On November 21, 2006, Nepalese Prime Minister Girija Prasad Koirala and Maoist rebel leader Prachanda signed a peace agreement that formally ended a decade-long insurgency that left over 13,000 people dead. Following this declaration of peace, the two leaders also reached an agreement over the terms of an interim constitution in December 2006. Although the interim constitution was silent on the issue of whether King Gyanendra would retain his head of state duties, the Nepalese Constituent Assembly abolished the unpopular monarchy and established a republic in May 2008. In May 2010, the Nepalese government extended the terms of parliament by one year in order to develop a permanent constitution.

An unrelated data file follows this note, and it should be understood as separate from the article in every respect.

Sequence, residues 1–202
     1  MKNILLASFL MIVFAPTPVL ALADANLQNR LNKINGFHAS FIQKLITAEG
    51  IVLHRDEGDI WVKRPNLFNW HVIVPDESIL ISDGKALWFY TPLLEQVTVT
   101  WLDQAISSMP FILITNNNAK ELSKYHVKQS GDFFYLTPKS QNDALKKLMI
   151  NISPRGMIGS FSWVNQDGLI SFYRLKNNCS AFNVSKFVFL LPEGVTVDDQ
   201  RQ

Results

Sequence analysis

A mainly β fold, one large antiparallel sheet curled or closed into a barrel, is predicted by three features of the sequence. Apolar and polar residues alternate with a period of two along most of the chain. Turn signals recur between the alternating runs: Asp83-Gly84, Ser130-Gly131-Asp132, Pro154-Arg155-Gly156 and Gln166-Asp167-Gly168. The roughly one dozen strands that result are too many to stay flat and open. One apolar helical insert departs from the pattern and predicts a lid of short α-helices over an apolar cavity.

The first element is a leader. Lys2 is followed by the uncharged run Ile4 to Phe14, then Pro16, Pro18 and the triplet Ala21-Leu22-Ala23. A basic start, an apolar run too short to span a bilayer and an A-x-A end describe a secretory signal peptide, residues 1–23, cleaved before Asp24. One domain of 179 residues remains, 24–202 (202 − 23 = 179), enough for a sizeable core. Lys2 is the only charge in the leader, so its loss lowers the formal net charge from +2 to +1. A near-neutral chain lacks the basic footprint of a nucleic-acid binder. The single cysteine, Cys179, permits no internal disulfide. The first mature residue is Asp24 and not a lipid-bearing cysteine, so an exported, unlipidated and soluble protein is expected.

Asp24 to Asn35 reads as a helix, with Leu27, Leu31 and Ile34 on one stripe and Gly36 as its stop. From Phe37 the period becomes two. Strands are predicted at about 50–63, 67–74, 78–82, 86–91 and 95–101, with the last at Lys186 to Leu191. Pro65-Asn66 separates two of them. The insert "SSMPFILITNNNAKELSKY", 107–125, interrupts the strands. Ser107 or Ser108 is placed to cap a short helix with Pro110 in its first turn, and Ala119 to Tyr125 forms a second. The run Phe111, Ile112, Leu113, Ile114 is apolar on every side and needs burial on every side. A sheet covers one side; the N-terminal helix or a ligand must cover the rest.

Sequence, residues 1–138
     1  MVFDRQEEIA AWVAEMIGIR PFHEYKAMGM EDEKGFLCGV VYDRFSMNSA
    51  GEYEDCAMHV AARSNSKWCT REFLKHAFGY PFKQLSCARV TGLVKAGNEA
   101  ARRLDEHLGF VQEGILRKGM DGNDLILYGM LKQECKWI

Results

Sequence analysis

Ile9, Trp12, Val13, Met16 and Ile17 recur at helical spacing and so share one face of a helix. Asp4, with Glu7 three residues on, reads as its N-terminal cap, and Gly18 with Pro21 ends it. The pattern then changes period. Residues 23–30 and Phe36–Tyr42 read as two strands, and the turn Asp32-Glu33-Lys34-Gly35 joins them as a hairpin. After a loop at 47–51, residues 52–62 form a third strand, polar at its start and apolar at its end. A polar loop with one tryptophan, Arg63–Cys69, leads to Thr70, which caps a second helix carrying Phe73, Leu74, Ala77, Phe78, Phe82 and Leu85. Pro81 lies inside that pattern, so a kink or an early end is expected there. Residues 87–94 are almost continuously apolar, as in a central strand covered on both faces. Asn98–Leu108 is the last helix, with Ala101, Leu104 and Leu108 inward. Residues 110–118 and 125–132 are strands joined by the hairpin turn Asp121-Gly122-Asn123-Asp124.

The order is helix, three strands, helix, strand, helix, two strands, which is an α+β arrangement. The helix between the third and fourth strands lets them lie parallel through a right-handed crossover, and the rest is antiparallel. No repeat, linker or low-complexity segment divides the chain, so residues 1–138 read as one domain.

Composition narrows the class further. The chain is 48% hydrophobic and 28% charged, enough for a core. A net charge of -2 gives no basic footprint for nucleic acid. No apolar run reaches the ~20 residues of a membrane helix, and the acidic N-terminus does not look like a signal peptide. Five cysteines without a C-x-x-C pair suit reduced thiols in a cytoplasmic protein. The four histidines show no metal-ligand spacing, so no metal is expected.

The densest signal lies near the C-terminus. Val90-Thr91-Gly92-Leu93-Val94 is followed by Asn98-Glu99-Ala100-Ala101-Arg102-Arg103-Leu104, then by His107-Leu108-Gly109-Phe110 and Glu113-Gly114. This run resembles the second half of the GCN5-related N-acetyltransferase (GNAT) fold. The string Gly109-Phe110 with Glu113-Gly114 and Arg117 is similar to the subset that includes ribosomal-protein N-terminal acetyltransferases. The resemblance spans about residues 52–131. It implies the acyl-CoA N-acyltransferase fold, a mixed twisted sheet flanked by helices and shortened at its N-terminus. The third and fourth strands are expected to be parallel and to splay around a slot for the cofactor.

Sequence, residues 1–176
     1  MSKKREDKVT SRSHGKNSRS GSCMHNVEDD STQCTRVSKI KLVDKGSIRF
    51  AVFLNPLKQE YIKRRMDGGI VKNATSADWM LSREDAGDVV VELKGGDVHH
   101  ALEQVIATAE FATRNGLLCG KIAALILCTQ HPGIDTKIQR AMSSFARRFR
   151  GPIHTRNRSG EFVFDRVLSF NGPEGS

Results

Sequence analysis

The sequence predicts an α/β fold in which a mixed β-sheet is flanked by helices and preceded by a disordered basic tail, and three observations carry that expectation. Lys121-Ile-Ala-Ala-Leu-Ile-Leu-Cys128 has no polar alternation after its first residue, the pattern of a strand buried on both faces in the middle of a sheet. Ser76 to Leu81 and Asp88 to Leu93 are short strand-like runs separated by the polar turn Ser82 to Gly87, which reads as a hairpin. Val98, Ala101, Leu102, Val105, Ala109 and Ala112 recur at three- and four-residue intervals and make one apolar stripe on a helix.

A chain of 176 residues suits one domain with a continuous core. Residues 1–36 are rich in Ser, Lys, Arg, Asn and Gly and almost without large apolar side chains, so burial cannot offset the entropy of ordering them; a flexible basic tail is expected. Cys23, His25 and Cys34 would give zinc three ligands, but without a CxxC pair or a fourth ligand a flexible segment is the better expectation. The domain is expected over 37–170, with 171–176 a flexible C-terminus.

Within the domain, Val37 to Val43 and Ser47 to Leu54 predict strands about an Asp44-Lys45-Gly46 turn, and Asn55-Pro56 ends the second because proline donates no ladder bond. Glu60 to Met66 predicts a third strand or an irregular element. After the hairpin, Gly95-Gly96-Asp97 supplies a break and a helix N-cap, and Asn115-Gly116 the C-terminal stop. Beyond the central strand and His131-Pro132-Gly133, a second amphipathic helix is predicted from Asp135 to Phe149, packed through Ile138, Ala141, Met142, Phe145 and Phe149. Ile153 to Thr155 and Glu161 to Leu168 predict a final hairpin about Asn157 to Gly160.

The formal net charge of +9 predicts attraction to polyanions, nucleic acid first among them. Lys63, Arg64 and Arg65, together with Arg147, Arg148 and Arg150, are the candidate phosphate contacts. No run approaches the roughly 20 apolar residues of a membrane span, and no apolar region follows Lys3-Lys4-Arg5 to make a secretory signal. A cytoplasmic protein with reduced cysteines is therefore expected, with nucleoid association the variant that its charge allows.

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Learn more about Nepal from the JURIST news archive and read commentary on Nepal's transition to democracy from JURIST Guest Columnist Kim Soo A in Hotline.
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